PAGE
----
Evidence for the presence of African swine fever virus in an endemic region of Western Kenya in the absence of any reported outbreak
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Thomas, L.F., Bishop, R.P., Onzere, C., Mcintosh, M.T., Lemire, K.A., Glanville, W.A. de, Cook, E.A.J. and Fèvre, E.M. 2016. Evidence for the presence of African swine fever virus in an endemic region of Western Kenya in the absence of any reported outbreak. BMC Veterinary Research 12: 192.
Permanent link to cite or share this item: http://hdl.handle.net/10568/77002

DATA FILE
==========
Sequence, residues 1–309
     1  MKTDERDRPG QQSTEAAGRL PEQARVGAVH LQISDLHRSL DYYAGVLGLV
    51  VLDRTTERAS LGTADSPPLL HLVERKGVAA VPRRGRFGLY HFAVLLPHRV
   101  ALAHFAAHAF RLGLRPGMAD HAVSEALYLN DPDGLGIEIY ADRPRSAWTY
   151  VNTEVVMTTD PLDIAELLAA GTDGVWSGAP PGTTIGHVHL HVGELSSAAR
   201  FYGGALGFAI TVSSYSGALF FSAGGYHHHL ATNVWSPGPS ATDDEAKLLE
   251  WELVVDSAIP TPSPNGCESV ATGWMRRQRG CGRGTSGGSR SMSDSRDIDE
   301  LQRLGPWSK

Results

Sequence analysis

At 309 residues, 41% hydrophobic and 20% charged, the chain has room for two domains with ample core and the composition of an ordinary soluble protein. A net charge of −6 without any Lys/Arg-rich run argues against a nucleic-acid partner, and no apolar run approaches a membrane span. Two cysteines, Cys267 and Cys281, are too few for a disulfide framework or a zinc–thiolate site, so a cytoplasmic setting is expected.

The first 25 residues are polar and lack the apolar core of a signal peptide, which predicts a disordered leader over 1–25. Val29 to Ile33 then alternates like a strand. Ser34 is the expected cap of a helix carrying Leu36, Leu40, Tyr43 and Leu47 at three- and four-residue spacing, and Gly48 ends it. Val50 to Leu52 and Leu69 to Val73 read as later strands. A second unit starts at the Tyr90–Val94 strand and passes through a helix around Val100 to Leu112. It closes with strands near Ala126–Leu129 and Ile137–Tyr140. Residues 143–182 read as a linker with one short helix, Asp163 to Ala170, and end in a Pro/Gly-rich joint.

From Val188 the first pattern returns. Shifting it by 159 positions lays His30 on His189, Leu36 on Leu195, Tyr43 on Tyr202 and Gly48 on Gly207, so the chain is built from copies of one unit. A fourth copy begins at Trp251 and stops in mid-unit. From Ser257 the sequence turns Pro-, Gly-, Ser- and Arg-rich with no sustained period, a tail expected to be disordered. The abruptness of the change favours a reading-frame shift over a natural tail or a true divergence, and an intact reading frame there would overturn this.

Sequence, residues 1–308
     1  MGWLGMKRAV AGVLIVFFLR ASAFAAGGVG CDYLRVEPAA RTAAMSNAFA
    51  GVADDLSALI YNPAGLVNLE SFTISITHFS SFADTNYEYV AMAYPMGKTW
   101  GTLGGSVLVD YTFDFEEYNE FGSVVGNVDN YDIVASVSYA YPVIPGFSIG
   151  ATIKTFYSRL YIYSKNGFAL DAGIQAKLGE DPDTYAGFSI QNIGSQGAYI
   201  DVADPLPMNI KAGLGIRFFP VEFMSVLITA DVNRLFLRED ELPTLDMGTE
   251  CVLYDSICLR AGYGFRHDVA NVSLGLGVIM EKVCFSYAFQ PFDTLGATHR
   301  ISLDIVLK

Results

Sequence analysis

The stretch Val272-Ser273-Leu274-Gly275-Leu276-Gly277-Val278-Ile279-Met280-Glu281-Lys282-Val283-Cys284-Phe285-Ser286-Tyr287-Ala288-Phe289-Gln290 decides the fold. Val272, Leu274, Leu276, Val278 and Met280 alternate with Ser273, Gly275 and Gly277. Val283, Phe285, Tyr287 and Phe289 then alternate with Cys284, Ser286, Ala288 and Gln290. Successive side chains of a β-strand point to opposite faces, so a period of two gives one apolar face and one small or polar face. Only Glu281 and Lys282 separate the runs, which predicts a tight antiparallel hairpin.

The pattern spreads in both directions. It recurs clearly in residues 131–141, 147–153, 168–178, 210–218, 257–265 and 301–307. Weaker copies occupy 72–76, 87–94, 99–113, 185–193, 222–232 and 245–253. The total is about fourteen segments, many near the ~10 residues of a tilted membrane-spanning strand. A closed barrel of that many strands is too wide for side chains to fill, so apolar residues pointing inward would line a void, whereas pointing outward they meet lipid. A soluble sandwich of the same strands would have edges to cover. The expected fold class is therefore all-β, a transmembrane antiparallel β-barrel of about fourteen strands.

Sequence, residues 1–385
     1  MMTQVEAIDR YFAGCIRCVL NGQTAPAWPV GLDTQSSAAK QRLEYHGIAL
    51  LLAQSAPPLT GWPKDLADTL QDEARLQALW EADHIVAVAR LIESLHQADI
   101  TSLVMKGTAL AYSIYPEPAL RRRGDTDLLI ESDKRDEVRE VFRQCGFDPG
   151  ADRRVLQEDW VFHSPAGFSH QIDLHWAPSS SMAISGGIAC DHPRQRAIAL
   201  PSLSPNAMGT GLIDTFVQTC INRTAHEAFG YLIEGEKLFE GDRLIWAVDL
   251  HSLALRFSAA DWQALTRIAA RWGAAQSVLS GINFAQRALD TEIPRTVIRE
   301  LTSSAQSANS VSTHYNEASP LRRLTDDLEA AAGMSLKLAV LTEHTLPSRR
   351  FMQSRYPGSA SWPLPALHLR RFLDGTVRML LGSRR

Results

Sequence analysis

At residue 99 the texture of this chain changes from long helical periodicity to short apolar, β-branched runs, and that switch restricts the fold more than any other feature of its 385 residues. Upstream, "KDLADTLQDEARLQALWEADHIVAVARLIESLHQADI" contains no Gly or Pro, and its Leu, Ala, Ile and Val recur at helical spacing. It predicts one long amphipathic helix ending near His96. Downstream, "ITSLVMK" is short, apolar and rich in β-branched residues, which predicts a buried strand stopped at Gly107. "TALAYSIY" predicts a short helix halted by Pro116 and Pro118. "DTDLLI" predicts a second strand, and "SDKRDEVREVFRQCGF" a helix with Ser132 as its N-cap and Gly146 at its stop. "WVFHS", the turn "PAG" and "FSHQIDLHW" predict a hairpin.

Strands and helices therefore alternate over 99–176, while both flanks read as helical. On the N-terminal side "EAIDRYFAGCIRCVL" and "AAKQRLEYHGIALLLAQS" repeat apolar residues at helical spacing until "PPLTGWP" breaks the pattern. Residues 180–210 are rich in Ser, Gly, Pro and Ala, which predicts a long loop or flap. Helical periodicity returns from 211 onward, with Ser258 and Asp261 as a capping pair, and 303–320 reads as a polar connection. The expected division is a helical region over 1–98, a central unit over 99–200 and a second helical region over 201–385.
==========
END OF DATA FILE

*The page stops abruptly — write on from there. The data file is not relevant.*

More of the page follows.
Background: African swine fever (ASF), caused by African swine fever virus (ASFV), is a severe haemorrhagic disease of pigs, outbreaks of which can have a devastating impact upon commercial and small-holder pig production. Pig production in western Kenya is characterised by low-input, free-range systems practised by poor farmers keeping between two and ten pigs. These farmers are particularly vulnerable to the catastrophic loss of livestock assets experienced in an ASF outbreak. This study wished to expand our understanding of ASFV epidemiology during a period when no outbreaks were reported. Results: Two hundred and seventy six whole blood samples were analysed using two independent conventional and real time PCR assays to detect ASFV. Despite no recorded outbreak of clinical ASF during this time, virus was detected in 90/277 samples analysed by conventional PCR and 142/209 samples analysed by qPCR. Genotyping of a sub-set of these samples indicated that the viruses associated with the positive samples were classified within genotype IX and that these strains were therefore genetically similar to the virus associated with the 2006/2007 ASF outbreaks in Kenya. Conclusion: The detection of ASFV viral DNA in a relatively high number of pigs delivered for slaughter during a period with no reported outbreaks provides support for two hypotheses, which are not mutually exclusive: (1) that virus prevalence may be over-estimated by slaughter-slab sampling, relative to that prevailing in the wider pig population; (2) that sub-clinical, chronically infected or recovered pigs may be responsible for persistence of the virus in endemic areas.